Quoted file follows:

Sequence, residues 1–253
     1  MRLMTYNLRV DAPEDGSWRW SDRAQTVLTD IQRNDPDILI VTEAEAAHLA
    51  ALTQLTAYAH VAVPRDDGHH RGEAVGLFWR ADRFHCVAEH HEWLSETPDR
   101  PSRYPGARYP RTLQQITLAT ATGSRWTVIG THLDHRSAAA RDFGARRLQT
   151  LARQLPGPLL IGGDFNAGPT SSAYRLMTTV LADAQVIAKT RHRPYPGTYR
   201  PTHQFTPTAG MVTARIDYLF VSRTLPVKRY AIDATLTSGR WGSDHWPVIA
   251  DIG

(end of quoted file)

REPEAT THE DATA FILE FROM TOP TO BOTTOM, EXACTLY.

Sequence, residues 1–253
     1  MRLMTYNLRV DAPEDGSWRW SDRAQTVLTD IQRNDPDILI VTEAEAAHLA
    51  ALTQLTAYAH VAVPRDDGHH RGEAVGLFWR ADRFHCVAEH HEWLSETPDR
   101  PSRYPGARYP RTLQQITLAT ATGSRWTVIG THLDHRSAAA RDFGARRLQT
   151  LARQLPGPLL IGGDFNAGPT SSAYRLMTTV LADAQVIAKT RHRPYPGTYR
   201  PTHQFTPTAG MVTARIDYLF VSRTLPVKRY AIDATLTSGR WGSDHWPVIA
   251  DIG